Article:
U.S. District Judge Henry E. Hudson issued the ruling Monday night. Photo: The Washington Post/Getty Images

U.S. District Judge Henry E. Hudson struck down a law that says only licensed physicians can perform abortions during the first trimester of a woman's pregnancy, reports AP.

Why it matters: This decision may increase access to abortions by allowing more medical professionals able to perform the procedure. It comes after a flurry of restrictive abortion bills have been passed across the country. Over 250 bills restricting abortion partially or completely have been filed in 41 states in 2019, according to Planned Parenthood.

Details: In his opinion, Hudson said the law "is unnecessary and provides minimal medical benefits with respect to first trimester abortions" increasing the burden to women who seek abortions, per AP. Midwives, nurse practitioners and physician assistants with the proper training will be permitted to perform abortions, the Washington Post reports.

Go deeper: Georgia Gov. Brian Kemp signs "fetal heartbeat" abortion ban into law

Go deeper

Updated 10 mins ago - Politics & Policy

Coronavirus dashboard

Illustration: Sarah Grillo/Axios

  1. Global: Total confirmed cases as of 4:15 p.m. ET: 32,381,243 — Total deaths: 985,104 — Total recoveries: 22,285,437Map.
  2. U.S.: Total confirmed cases as of 4:15 p.m ET: 7,015,242 — Total deaths: 203,329 — Total recoveries: 2,710,183 — Total tests: 98,481,026Map.
  3. States: "We’re not closing anything going forward": Florida fully lifts COVID restaurant restrictions — Virginia Gov. Ralph Northam tests positive for coronavirus.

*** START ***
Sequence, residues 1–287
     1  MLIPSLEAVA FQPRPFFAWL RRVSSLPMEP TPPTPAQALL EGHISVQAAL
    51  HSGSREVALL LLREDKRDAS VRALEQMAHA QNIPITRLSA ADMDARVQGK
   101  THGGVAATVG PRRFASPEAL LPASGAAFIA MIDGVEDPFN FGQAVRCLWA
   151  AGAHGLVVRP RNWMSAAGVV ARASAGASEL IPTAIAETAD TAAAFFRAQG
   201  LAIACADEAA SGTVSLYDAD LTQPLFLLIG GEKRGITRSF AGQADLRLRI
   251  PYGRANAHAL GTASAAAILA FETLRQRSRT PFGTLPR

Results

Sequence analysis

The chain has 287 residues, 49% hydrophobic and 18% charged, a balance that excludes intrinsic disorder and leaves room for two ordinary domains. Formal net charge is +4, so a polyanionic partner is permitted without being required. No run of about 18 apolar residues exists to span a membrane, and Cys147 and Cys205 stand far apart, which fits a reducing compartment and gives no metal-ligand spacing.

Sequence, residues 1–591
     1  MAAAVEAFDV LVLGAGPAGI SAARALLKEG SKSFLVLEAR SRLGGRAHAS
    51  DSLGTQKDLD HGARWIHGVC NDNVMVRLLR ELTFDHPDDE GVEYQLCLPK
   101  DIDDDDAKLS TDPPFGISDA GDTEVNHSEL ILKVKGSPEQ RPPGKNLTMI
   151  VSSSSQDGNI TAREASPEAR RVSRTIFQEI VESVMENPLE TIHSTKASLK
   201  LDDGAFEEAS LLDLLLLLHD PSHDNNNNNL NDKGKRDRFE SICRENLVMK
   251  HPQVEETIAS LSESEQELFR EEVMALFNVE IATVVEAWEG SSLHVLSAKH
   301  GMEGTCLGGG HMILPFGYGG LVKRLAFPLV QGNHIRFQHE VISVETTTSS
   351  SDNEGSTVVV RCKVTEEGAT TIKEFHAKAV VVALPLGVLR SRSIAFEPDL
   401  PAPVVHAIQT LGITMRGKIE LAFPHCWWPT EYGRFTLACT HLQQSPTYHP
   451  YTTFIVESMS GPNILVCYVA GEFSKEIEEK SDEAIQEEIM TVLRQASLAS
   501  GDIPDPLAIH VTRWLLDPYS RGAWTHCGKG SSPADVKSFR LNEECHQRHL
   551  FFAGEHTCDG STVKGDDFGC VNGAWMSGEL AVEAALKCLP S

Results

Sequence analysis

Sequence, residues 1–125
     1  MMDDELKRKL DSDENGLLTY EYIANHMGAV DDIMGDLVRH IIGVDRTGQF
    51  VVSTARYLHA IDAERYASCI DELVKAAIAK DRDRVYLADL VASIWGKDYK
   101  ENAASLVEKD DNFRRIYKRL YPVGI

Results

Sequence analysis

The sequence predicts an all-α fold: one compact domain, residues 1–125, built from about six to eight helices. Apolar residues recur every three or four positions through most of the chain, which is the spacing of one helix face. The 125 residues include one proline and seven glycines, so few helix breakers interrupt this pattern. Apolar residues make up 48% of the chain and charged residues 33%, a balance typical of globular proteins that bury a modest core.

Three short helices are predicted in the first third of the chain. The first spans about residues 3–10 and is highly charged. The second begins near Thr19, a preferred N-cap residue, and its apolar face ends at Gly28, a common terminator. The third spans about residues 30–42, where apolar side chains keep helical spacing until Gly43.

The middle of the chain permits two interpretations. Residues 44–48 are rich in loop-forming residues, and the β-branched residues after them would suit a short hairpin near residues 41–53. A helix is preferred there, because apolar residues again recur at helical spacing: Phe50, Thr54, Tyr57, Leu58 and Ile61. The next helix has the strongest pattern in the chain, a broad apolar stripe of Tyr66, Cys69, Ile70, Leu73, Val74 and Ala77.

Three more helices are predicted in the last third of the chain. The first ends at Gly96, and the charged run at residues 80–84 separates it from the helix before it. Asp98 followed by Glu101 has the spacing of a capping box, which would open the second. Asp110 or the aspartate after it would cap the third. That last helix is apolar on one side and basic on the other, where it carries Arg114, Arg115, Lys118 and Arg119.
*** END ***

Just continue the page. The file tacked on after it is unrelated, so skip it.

4. Health: Young people accounted for 20% of cases this summer.
  5. Business: Coronavirus has made airports happier places The expiration of Pandemic Unemployment Assistance looms.
  6. Education: Where bringing students back to school is most risky.
Dan Primack, author of Pro Rata
1 hour ago - Economy & Business

White House pushes to uphold TikTok ban

Illustration: Aïda Amer/Axios

The U.S. Department of Justice on Friday filed legal opposition to TikTok's request to delay a ban on downloading the app, with a judge expected to rule before the ban is set to go into effect Sunday.

Why it matters: The White House could have simply postponed the ban on its own for another week or two, as it did last Friday. This move suggests it's seeking to use the ban as leverage in ongoing negotiations.

1 hour ago - Podcasts

Substack and the future of media

Traditional media models, and even some of the digital ones, are either under pressure or outright broken. Some journalists have responded by going out on their own, leveraging a new group of startups that help them self-publish and monetize their work.

Axios Re:Cap digs in with Chris Best, CEO of Substack, which has more than 250,000 paying subscribers on its writer network.

Get Axios AM in your inbox

Catch up on coronavirus stories and special reports, curated by Mike Allen everyday

Please enter a valid email.

Subscription failed
Thank you for subscribing!